Emily S. Lee
Matthew Calarco, Amy Coplan, John Davis, Joshua DiPaolo, Brady Heiner, Andrew Howat, Emily S. Lee, JeeLoo Liu, Ryan Nichols
Philosophy began when people first questioned the accounts poets and priests had handed down about the structure of the world and the meaning of human life. Since then, philosophers have helped create and explore virtually every aspect of our cultural life, including science, religion, art and politics. To study philosophy, therefore, is to engage in a classic form of liberal education in which reasoning and conceptual analysis are explicitly developed. The study of philosophy includes: (1) the development of critical thinking and writing skills; (2) the investigation of conceptual problems encountered in the course of reflecting about experience; (3) the assessment of assumptions underlying other sciences and arts; and (4) the exploration of political and ethical theory. Philosophy is not a “high unit” major. It is possible for many students to obtain the benefits of a philosophically based liberal education while also majoring in another discipline. The Philosophy Department also encourages minors, which can be tailored to the student’s individual interests or other fields of study. Majoring or minoring in philosophy is an excellent way of preparing for law school and other careers that involve facility in reasoning, analysis and information processing.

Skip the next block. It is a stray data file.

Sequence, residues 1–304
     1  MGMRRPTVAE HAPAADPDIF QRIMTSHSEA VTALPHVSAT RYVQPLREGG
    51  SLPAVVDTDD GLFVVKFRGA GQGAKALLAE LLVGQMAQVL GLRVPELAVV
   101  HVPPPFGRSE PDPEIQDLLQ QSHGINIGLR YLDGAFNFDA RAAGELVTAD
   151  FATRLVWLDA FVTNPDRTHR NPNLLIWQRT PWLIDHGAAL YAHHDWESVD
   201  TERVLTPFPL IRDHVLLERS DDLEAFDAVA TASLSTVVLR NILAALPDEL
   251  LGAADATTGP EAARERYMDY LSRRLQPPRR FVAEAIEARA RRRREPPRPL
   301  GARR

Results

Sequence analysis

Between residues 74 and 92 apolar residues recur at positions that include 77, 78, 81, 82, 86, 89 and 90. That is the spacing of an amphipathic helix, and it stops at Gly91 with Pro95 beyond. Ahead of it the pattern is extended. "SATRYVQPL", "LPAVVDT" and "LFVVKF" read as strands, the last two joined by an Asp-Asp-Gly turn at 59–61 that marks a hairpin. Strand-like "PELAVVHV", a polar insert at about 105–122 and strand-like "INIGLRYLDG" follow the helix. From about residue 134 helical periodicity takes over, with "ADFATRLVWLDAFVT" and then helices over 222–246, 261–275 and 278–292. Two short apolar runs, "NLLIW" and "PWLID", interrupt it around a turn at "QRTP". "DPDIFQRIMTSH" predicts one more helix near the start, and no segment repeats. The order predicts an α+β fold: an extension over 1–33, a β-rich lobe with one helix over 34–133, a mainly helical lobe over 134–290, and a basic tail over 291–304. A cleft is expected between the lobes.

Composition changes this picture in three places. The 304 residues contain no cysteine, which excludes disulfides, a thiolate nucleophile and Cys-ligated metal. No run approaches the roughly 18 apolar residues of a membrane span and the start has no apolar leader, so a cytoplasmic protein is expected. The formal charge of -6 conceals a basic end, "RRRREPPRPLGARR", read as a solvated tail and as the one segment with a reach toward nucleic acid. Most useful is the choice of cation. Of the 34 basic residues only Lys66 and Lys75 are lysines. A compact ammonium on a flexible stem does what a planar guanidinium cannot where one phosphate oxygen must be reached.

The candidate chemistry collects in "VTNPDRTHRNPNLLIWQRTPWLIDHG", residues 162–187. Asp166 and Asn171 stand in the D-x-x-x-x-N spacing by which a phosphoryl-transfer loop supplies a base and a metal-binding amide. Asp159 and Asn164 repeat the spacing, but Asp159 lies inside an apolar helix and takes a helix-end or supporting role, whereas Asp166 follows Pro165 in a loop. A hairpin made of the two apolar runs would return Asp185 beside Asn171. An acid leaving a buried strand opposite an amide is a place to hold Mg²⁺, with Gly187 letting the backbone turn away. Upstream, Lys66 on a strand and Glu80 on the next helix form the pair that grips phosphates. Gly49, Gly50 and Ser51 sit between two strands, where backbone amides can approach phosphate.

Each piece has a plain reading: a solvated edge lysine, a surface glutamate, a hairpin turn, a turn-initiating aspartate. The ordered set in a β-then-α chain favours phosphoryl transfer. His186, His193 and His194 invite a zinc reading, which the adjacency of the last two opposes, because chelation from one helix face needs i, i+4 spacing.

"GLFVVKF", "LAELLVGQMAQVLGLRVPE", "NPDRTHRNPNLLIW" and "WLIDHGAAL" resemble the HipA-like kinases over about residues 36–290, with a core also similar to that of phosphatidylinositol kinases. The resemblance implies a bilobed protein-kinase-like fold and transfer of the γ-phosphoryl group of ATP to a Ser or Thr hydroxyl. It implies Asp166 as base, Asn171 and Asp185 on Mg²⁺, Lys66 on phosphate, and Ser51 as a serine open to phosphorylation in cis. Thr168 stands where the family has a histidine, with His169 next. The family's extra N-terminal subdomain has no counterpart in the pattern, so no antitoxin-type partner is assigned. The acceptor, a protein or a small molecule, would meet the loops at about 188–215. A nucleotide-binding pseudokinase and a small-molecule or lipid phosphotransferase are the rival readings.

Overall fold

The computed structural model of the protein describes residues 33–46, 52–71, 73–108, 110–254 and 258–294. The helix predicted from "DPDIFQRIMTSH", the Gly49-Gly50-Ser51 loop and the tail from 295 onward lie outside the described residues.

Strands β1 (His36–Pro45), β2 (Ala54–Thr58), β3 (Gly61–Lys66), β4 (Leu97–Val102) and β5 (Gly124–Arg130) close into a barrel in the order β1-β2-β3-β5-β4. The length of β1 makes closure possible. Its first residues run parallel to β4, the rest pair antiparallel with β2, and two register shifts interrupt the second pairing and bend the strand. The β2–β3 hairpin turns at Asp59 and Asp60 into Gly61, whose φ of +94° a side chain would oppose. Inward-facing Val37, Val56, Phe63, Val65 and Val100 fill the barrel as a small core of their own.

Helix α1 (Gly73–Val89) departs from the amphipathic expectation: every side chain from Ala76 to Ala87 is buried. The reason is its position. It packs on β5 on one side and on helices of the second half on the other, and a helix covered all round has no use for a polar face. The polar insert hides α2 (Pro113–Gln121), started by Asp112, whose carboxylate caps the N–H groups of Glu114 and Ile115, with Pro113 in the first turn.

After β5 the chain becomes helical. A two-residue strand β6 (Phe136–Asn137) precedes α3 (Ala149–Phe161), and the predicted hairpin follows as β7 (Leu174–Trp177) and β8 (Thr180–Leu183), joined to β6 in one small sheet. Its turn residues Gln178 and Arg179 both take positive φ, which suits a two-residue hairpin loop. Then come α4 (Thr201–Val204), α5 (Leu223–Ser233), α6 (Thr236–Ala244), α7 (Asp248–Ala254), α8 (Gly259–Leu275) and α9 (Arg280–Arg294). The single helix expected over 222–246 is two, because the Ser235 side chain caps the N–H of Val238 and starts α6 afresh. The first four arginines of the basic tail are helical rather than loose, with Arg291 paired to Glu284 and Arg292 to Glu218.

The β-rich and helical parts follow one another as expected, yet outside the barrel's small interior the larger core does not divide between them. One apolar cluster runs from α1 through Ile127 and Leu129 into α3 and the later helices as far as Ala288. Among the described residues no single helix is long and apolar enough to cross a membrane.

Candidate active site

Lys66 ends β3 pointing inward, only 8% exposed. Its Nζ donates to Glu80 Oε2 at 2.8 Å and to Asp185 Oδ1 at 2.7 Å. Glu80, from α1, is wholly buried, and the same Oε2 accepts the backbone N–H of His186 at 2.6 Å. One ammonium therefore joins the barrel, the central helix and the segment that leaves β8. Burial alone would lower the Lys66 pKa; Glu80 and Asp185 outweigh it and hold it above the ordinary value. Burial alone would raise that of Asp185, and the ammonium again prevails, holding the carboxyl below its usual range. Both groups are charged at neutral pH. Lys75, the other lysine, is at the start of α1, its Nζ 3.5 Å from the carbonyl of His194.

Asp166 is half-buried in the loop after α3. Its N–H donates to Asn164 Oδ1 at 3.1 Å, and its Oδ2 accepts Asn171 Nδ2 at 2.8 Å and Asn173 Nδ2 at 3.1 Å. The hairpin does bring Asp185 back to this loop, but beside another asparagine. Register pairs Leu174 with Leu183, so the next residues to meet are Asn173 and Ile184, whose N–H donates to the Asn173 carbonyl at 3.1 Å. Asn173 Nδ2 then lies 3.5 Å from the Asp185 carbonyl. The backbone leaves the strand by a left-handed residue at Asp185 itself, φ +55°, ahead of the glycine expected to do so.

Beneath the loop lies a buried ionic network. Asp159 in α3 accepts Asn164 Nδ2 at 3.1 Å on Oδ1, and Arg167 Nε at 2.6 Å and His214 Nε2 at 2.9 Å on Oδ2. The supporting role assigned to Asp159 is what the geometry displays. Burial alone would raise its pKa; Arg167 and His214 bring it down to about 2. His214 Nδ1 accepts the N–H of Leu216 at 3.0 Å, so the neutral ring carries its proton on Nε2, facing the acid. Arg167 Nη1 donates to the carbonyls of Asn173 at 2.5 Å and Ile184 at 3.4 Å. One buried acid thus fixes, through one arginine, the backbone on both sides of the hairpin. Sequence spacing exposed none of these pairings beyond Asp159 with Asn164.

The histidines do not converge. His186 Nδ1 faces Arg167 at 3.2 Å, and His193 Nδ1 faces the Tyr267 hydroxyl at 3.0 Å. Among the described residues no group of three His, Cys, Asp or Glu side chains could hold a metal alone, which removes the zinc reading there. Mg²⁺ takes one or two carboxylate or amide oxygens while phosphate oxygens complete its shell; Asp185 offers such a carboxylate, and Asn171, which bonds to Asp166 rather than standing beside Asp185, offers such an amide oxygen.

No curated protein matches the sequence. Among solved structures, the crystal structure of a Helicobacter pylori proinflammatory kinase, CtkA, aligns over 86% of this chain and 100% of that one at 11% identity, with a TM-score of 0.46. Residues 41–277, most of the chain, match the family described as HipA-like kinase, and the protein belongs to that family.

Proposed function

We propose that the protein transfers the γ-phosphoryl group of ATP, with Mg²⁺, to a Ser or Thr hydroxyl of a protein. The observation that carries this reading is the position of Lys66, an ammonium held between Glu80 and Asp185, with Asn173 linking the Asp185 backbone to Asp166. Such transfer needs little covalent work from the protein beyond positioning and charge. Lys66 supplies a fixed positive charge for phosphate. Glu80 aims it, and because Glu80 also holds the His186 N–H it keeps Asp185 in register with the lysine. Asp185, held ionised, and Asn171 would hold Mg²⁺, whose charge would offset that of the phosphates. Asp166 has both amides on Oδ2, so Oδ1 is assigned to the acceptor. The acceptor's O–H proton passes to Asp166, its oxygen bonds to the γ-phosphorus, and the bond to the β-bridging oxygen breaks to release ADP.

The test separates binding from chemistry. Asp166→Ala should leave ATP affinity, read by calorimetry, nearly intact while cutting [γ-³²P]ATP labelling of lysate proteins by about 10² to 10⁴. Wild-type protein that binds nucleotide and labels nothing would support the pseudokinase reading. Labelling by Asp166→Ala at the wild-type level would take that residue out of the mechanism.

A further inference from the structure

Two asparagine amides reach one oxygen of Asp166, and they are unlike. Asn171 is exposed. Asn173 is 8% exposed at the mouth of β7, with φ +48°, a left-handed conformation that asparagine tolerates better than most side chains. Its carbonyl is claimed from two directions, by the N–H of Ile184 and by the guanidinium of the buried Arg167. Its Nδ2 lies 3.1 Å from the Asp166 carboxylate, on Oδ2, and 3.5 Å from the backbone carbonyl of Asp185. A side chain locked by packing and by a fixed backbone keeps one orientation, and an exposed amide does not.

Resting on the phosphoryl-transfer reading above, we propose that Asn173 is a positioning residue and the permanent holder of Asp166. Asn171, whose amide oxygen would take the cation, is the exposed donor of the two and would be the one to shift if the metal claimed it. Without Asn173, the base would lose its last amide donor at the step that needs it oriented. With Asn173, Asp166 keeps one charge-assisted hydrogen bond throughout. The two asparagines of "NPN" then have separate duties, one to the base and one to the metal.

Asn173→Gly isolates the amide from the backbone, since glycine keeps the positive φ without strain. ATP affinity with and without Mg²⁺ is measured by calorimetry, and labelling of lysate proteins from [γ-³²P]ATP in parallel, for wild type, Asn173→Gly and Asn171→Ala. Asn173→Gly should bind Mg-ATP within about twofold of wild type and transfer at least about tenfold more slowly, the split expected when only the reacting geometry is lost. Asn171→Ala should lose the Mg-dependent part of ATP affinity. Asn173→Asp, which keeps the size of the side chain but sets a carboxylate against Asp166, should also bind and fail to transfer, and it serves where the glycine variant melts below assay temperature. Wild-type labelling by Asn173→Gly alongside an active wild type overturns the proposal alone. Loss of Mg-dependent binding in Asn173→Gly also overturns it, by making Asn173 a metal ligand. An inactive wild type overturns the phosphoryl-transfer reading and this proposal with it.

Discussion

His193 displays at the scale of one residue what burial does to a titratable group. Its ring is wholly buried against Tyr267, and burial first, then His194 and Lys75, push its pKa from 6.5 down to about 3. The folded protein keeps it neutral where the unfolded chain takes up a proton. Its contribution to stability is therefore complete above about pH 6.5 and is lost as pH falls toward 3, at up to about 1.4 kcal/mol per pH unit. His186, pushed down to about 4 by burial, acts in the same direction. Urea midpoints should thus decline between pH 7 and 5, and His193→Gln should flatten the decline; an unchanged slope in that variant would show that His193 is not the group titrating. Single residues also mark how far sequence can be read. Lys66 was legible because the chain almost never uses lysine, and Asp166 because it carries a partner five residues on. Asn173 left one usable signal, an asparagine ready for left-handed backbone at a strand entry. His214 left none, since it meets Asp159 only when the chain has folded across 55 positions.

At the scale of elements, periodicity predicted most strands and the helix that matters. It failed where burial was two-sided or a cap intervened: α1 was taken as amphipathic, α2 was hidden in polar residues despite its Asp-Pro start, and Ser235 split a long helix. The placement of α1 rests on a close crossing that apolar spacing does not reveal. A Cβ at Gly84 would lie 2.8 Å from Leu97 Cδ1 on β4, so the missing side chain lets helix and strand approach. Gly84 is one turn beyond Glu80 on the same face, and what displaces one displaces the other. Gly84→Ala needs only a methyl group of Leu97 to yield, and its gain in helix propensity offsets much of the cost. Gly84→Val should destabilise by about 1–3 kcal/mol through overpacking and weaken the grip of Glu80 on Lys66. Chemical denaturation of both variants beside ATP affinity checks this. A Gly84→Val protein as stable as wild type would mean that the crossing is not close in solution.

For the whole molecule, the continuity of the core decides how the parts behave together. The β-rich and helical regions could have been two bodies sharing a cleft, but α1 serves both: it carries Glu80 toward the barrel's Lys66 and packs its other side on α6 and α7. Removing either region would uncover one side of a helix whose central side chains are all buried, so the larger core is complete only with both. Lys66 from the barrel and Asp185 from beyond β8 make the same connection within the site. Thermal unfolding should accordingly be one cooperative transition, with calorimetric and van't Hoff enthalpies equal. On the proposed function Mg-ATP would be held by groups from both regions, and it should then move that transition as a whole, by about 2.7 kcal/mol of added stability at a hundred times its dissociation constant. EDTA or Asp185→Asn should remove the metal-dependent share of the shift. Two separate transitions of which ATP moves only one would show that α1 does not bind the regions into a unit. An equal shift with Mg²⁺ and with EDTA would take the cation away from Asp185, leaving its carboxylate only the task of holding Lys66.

The Bachelor of Arts in Philosophy provides comprehensive learning experiences for the conceptual development of periods of historical philosophy, major currents of 20th century philosophical investigation and methodologies employed by philosophers. Specifically, the program provides opportunities for students to expand their knowledge and skills so that they will have the credentials for entering graduate programs in philosophy, in other disciplines, in law schools or for advancement in their chosen career paths. Students with philosophy training can present themselves as articulate reasoners with advanced critical thinking and logical analysis. They will also be exposed to issues of culture, ethnicity and gender, and will be able to cultivate a global perspective. Students shall have the ability to examine and critically assess normative standards governing social relations, practices and institutions, including a wide range of human activities dependent upon value judgments.
Learning Goals and Student Learning Outcomes
Work completed in philosophy at other institutions may be counted toward the major, subject to the rules of the university and the following departmental rules: (1) only seminars can fulfill the seminar requirement; (2) only upper-division work can fulfill upper-division requirements; (3) in no case can more than six units of lower-division work taken at another institution count toward the major requirement of 39 units. Six units of philosophy taken at another university may be counted toward the minor.
Programs and Courses Offered
ProgramsBachelor of ArtsNon-Degree
Courses are designated as PHIL in the class schedule.